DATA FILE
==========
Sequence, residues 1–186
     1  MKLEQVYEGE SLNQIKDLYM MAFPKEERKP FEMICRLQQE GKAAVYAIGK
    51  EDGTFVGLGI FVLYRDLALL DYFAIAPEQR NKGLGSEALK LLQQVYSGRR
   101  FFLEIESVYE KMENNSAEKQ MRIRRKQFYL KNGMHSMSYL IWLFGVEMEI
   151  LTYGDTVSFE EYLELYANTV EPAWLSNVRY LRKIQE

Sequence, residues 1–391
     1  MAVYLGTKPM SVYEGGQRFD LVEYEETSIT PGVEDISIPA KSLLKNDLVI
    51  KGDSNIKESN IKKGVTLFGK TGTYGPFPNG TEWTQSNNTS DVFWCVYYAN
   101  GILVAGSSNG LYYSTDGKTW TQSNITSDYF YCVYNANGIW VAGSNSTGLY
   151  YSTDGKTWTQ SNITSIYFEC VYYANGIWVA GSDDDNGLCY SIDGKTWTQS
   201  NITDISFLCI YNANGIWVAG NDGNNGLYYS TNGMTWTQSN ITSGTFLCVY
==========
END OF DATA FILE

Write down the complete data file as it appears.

Sequence, residues 1–186
     1  MKLEQVYEGE SLNQIKDLYM MAFPKEERKP FEMICRLQQE GKAAVYAIGK
    51  EDGTFVGLGI FVLYRDLALL DYFAIAPEQR NKGLGSEALK LLQQVYSGRR
   101  FFLEIESVYE KMENNSAEKQ MRIRRKQFYL KNGMHSMSYL IWLFGVEMEI
   151  LTYGDTVSFE EYLELYANTV EPAWLSNVRY LRKIQE

Sequence, residues 1–391
     1  MAVYLGTKPM SVYEGGQRFD LVEYEETSIT PGVEDISIPA KSLLKNDLVI
    51  KGDSNIKESN IKKGVTLFGK TGTYGPFPNG TEWTQSNNTS DVFWCVYYAN
   101  GILVAGSSNG LYYSTDGKTW TQSNITSDYF YCVYNANGIW VAGSNSTGLY
   151  YSTDGKTWTQ SNITSIYFEC VYYANGIWVA GSDDDNGLCY SIDGKTWTQS
   201  NITDISFLCI YNANGIWVAG NDGNNGLYYS TNGMTWTQSN ITSGTFLCVY